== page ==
I saw an interesting example the other day of where the world of physical construction (i.e. building a building) and the digital world of enterprise architecture diverge. Normally, we use the physical world as an example when describing the merits of enterprise architecture. We equate EA to city planning, and "building architecture" to applications. This helps us bridge the gap that our business users and some of our technology partners find difficult to cross.
Right next door to my office building, a new sky scraper is going up. We've been watching the demolition, the site prep, and the steel girders being placed with childlike anticipation. You'd think we were 8 years old playing with a giant Erector Set. Well, one part of the new building will have a large ballroom and this has caused an interesting problem for the architect. Imagine a steel skeleton for a tall building with floor upon floor of vertical posts supporting horizontal I-beams upon which the floors and ceilings will rest. Now imagine that you want to remove one of the vertical posts, so that you could construct a larger-than-normal room, such as a auditorium or ballroom.
Of course, you wouldn't remove the vertical posts in that one spot for all floors, you just do it for the one floor that has the ballroom. Therefore the next floor up, would have a vertical post in the location where you had removed it on the floor below. This causes a problem. By removing the vertical post on (let's just say) floor 4, there is no support under the vertical post on floor 5. The architects for the building solved this problem by placing a VERY LARGE, horizontal I-beam; longer, thicker, wider, and stronger under the vertical post that has no support. While this may be difficult to visualize through narrative description, the point is that the architect designed something bigger and stronger in a critical support place to ensure stability of the entire structure.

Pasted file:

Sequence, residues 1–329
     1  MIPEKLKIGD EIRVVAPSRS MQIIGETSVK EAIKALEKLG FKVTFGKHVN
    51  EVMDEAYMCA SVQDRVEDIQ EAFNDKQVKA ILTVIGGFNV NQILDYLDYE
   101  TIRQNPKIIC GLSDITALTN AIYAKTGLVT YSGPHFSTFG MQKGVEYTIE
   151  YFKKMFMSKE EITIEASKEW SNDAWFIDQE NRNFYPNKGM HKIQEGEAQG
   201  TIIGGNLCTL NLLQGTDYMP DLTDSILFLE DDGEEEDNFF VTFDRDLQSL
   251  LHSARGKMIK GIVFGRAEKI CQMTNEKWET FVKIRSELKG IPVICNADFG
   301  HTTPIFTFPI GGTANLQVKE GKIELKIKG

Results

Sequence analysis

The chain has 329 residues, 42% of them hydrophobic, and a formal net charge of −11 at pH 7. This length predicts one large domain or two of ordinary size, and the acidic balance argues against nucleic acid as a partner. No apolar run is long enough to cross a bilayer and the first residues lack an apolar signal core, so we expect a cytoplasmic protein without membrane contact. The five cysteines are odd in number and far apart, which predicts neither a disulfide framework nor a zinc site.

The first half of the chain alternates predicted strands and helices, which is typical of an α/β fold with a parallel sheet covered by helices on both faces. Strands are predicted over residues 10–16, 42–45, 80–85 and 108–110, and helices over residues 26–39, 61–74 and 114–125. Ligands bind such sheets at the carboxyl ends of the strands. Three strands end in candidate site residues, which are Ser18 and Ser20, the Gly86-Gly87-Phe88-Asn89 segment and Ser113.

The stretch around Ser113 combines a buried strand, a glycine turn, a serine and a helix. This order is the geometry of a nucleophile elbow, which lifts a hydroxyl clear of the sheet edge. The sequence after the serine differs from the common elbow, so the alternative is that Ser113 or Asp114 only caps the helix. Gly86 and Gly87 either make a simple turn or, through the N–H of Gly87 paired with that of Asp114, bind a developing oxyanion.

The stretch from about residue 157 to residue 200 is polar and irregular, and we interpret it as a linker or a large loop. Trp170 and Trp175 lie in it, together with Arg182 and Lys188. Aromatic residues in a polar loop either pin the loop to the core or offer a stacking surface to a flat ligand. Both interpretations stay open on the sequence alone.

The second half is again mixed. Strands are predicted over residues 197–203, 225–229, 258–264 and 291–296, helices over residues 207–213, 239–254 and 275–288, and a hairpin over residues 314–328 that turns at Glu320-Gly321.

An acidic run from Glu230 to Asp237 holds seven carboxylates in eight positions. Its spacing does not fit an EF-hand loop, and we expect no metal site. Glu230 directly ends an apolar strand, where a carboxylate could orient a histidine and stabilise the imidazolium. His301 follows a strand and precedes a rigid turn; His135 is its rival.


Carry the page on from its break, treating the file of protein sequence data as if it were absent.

Our team began comparing and contrasting similar strategies in the digital or application architecture space and found an interesting non-parallel. Often times, a component of an application must support more than its share of the load, such as a controller servlet for example. In these cases, we tend not to create something bigger, longer, or heavier, rather we do the opposite; we create the lightest-weight component we can. In these cases we create code that quickly determines what to do, and then hands off the work as fast as possible. At some abstract level we imagine that both the bigger, badder I-Beam and the tight controller code could be described as distributing load, but superficially it would seem that the solution in the physical world is oppositional to the digital environment.
Can you think of other examples like this?